Wednesday, May 29, 2024

Drought conditions now affect 67% of Mexican territory

Two thirds of Mexico is now in a state of drought, after a year plagued by heat waves and abnormally low levels of rainfall.

According to Mexico’s Drought Monitor, updated every two weeks by the National Meteorological Service (SMN), 67.1% of the country was experiencing some degree of  drought on September 15. This is the highest proportion for that date since the record began in 2014, and almost five times higher than the figure of 14.3% registered on the same date in 2022.

A map of Mexico’s current drought, where the colors red and tan represent extreme and severe levels of drought. (SMN)

The Drought Monitor is based on several different criteria, which measure not only rainfall but also factors such as soil moisture and stress to vegetation.

Extreme drought (denominated “D3” by the monitor) was registered in 17.9% of the country in mid-September, particularly in the central states surrounding Mexico City and northwestern states such as Durango. 451 municipalities were affected, up from 315 just two weeks earlier.

Meanwhile, 28.9% of the country was suffering from severe drought (D2) and 20.3% from moderate drought (D1). A further 18.4% of the national territory was not in a state of drought, but was facing “abnormally dry” conditions (D0).

Thirteen of Mexico’s 32 federal entities were suffering some degree of dry conditions across the whole of their territory: Chihuahua, Mexico City, Durango, Guanajuato, Hidalgo, México state, Morelos, Nuevo León, Querétaro, San Luis Potosí, Sinaloa, Tamaulipas and Zacatecas.

This year, Mexico has received 28.1% less rainfall than the average for the period 1991-2020. (Cuartoscuro)

Only 194 of the 2,471 municipalities registered were unaffected by dry conditions, while the only two states to escape drought altogether were Baja California and Baja California Sur.

The alarming report reflects a year of remarkably low rainfall in Mexico. Between Jan. 1 and Sep. 17, 2023, the SMN reported an average rainfall level of 401.3 mm across the country, 28.1% less than the average for the period from 1991-2020.

The low rainfall was caused by an anticyclonic system, characterized by persistent high atmospheric pressure, which was also associated with Mexico’s multiple heat waves this year. Conditions could get even worse over the coming months, as Mexico’s rainy season is expected to end next week, reducing hope of rainfall.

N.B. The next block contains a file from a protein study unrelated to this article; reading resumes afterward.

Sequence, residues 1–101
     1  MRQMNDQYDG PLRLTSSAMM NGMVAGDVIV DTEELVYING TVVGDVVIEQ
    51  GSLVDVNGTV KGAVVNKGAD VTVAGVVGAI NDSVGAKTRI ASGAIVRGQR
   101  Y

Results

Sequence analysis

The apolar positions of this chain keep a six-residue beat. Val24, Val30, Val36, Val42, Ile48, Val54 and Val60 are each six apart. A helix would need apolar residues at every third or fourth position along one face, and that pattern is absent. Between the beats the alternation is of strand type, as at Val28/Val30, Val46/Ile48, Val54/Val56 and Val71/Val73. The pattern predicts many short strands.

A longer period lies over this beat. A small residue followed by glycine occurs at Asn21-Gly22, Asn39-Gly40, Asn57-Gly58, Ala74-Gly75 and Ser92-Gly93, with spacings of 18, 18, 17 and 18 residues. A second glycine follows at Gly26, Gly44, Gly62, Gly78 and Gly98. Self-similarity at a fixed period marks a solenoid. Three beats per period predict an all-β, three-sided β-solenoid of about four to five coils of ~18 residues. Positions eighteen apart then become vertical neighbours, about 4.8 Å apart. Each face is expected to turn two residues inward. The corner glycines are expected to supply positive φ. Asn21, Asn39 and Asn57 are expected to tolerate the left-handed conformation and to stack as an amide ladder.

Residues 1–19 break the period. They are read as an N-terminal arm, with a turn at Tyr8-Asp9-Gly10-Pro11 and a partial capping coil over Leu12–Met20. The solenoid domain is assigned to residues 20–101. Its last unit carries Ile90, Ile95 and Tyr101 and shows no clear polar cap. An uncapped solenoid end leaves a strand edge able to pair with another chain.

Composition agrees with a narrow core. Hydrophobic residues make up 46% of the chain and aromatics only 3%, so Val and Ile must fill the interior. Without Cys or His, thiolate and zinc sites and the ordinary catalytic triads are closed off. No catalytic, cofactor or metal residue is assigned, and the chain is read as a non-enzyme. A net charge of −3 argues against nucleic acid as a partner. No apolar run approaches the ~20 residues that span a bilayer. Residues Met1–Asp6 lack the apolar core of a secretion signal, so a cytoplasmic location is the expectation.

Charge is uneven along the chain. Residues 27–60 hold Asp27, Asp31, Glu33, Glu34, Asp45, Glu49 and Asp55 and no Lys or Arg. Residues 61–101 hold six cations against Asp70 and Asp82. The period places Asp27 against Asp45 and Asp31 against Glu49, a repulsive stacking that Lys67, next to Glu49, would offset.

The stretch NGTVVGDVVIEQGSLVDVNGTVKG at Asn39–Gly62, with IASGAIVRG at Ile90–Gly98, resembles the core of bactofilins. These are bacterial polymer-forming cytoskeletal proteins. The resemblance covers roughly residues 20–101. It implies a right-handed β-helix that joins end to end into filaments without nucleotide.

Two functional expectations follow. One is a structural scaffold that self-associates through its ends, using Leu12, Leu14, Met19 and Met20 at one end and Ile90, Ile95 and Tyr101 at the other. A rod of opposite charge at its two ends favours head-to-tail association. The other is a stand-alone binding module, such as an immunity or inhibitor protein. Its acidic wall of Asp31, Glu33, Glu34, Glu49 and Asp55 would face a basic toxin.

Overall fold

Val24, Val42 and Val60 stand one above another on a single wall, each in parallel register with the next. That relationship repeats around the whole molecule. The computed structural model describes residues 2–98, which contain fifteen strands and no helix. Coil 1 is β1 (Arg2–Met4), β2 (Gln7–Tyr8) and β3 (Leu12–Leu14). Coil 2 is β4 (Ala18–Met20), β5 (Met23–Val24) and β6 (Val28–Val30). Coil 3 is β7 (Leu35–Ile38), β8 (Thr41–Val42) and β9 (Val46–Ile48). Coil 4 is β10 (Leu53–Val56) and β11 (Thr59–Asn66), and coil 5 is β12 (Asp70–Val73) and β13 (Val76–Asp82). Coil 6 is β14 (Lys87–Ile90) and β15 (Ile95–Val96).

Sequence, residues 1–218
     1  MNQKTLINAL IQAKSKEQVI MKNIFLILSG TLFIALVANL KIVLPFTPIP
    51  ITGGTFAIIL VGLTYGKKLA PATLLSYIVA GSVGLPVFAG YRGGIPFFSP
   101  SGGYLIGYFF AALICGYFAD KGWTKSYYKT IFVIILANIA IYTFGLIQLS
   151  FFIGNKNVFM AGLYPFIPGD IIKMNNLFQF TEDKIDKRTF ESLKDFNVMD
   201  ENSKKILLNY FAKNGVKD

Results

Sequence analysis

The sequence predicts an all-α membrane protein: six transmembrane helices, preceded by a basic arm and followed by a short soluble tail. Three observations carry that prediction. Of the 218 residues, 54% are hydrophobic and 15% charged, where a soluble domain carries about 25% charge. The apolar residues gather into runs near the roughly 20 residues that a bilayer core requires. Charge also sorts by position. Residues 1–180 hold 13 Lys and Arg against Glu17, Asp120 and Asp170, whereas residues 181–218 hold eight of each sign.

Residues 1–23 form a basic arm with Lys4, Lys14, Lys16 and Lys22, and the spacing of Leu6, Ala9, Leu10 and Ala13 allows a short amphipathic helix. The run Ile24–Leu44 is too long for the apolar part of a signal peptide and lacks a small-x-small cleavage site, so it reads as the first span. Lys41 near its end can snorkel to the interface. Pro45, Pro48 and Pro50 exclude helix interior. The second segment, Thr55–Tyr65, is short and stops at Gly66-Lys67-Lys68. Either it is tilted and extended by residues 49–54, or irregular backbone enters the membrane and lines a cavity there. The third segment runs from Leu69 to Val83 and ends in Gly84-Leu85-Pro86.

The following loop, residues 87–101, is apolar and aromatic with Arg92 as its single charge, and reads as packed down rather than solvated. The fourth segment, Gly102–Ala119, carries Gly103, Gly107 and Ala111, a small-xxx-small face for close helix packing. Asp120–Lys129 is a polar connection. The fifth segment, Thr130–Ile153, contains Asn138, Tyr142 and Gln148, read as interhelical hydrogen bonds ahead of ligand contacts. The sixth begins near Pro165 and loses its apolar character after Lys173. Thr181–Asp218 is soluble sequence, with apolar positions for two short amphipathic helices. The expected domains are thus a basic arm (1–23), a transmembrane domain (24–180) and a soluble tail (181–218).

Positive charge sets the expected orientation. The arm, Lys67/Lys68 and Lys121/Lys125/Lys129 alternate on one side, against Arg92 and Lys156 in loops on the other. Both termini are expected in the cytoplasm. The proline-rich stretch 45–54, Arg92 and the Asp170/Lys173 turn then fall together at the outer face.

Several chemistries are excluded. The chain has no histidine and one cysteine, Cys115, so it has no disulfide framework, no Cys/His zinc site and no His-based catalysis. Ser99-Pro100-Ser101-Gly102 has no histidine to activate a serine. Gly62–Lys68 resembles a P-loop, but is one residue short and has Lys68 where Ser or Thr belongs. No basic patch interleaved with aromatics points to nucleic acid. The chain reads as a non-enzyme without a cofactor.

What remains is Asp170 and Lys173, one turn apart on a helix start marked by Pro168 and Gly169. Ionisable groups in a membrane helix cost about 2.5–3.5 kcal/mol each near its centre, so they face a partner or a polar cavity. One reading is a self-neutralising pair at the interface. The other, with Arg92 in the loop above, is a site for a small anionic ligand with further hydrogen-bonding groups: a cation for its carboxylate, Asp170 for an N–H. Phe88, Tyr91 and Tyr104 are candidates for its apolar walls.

Mexico has seen several consecutive years of poor rainfall, causing increasingly severe water shortages across the country. Last month, the National Water Commission (Conagua) reported that Mexico’s per capita water supply declined by an average of 30% between 1996 and 2020, to 240 liters per day.

Mexico’s continued water stress will be felt everywhere, particularly in terms of the agricultural crop yield, which utilizes up to 70% of the national water supply. (Wikimedia Commons)

This followed a warning by the nonprofit Water Advisory Council (CCA) in March that Mexico’s water stress will likely cause social and economic conflicts over the coming years if not addressed. The World Resources Institute ranks Mexico 26th for water stress globally.

With reports from Reforma, El Economista and Medio Tiempo

Have something to say? Paid Subscribers get all access to make & read comments.
Volunteers are feeding monkeys to reduce their risk of heat stroke in the Mexican states of Veracruz, Tabasco, Campeche and Chiapas.

Authorities confirm 157 monkey deaths in southern Mexico

0
Monkeys in Mexico's southern region are at risk of heat stroke due to scorching temperatures and low water levels in local streams.
Sign that says "no alcohol sales" at a convenience store

Will there be weekend alcohol bans for Mexico’s elections?

1
In keeping with longstanding election regulation, alcohol sales will be restricted in most Mexican states for much of the coming weekend.
Children raise their hands in a Mexican classroom

Opinion: The importance of PISA for the future of education in Mexico

2
For the first time in 25 years, Mexico is running the risk of not participating in the international PISA assessment. What does that mean for students?